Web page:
Why do we believe in horoscopes?

I recently downloaded an astrology app called Co-Star on my phone under the guise of satire, however, as I dipped my toe in the horoscopic pond I found myself slowly being won over by the strikingly accurate descriptions of myself. It really felt like my birth chart was written just for me and all my idiosyncratic traits and qualities. Perhaps it found me at a particularly vulnerable time, or maybe it was the right time.

Whatever the case, it made me wonder: how does it know so much about me?

Deep down, the sceptic in me could not accept the idea that my personality, with all its features and flaws, could be captured and regurgitated back to me by an algorithm calculated simply by the day I was born.

I believe we are all unique human beans with different experiences, but somewhat similar wants, needs and cravings. Maybe we all just want to be understood and feel a little less alone in the world? Well, theology is great for that.

But is a purposely vague description of my personality the answer I am looking for?

Apparently!

The tendency for people to believe in these types of descriptions, even if they know it's not true, is called the Barnum Effect.

In 1948, a psychologist named Bertram Forer conducted an experiment. He handed out a specially designed questionnaire to his students and asked them to complete it honestly. The results would be used to craft a personalised description or sketch of their personality. One week later, Forer returned the personalised descriptions to each of his students and asked them how accurate they thought it was with a rating out of 5.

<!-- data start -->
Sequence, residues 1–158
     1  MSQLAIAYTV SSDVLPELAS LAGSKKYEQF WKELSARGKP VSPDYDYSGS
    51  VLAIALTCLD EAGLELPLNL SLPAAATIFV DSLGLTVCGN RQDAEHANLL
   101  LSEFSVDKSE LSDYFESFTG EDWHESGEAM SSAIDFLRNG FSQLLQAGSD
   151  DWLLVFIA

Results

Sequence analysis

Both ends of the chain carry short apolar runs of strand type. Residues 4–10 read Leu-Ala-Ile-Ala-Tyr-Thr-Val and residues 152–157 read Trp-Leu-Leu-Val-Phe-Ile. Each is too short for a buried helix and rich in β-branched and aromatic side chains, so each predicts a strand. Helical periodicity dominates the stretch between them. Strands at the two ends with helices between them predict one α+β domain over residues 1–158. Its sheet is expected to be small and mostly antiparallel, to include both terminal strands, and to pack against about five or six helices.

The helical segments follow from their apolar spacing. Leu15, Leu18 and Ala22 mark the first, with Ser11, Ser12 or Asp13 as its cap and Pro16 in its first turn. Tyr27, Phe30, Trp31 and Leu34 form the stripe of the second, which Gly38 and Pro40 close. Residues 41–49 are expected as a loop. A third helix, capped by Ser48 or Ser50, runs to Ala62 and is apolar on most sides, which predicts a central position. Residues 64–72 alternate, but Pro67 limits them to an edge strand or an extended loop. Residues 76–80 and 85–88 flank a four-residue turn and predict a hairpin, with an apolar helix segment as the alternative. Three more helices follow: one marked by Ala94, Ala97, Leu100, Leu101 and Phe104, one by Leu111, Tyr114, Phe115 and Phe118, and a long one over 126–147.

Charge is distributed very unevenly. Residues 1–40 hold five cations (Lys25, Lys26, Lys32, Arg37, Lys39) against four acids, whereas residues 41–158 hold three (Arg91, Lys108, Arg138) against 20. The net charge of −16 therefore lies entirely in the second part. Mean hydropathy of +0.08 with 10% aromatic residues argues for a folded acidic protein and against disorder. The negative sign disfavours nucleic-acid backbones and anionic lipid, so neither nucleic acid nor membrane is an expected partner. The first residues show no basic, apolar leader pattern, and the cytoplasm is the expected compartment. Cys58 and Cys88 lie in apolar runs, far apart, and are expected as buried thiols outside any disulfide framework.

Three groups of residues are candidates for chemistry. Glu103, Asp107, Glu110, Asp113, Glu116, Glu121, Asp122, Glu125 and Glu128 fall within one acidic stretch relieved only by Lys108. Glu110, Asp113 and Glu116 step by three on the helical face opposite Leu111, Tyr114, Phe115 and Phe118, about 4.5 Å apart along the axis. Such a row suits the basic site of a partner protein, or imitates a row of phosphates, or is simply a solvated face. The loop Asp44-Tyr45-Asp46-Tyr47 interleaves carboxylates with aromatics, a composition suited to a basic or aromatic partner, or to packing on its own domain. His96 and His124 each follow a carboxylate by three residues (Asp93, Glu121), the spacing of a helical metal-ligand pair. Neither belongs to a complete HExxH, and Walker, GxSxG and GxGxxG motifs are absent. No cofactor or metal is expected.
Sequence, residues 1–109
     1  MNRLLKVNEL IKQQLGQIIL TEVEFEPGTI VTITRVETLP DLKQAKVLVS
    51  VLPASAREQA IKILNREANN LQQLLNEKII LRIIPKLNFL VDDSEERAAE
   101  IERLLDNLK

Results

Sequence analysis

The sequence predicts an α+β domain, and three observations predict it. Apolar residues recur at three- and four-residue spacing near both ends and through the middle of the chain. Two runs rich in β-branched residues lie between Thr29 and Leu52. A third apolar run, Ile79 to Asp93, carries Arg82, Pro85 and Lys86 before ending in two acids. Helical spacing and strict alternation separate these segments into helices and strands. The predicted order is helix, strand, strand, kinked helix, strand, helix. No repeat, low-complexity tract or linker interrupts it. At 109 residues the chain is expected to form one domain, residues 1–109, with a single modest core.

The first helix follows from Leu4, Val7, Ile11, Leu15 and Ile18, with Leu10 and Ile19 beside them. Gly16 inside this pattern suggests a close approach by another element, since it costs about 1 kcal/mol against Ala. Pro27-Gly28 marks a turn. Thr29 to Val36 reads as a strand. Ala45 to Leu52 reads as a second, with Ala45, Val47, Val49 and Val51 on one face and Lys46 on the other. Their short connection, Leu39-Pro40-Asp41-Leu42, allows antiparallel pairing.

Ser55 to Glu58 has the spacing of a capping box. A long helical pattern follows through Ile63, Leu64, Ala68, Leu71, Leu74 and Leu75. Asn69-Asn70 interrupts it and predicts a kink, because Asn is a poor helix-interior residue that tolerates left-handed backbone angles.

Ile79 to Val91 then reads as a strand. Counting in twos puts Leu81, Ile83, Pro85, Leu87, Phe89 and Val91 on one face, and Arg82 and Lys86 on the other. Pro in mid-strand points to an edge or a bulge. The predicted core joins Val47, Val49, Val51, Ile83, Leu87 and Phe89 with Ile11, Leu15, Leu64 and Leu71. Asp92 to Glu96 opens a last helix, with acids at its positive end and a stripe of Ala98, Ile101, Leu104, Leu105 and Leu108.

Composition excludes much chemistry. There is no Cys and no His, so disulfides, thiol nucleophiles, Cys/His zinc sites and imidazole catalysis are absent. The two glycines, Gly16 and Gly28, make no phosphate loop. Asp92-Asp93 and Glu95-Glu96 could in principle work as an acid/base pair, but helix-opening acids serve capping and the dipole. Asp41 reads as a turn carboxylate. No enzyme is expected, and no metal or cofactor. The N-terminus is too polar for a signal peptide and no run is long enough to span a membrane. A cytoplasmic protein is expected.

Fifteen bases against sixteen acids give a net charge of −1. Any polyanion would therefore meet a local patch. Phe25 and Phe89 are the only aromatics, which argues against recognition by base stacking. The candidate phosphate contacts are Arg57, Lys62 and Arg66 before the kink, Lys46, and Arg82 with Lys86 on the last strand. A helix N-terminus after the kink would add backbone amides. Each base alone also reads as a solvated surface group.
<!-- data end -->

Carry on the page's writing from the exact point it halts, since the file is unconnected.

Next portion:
The average rating was 4.3 - an impressive number considering each student received the exact same description. Forer had it pieced together the night before using an astrology book he bought from a convenience store.

From an advertising and marketing perspective, the authors of horoscopes are incredibly talented copywriters. They are deliberately vague but are always sure to structure their predictions with a host of positive statements, a strategy that allows the reader to insert their own meaning and make them strikingly personal. Whether it is reassessing a close personal relationship, prosperity in your professional life or a large decision you should trust your gut on - we are the ones who create the meaning we want to see.

Very often this meaning will be selective, as our brains soak up the best bits and throw out the bad bits. People will often take the positive statements sprinkled throughout a horoscope and ignore the critical or negative ones. This absolutely human behaviour is explained by another psychological principle called the Pollyanna Principle, which supports the way the Barnum Effect works. The Pollyanna Principle, also known as positivity bias, explains how we as humans prefer to remember positive memories over negative ones - and why wouldn’t you? If you’ve spoken to a gambler, you’d think they won all the time and that’s because happy memories win every time.

The real question is, can you apply these principles to your business? Smart operators will have a few ideas of what they can do with this information and how they can use it to bring great prosperity. You’re now faced with a big decision that could change your life forever. Trust your instincts and move ahead with caution.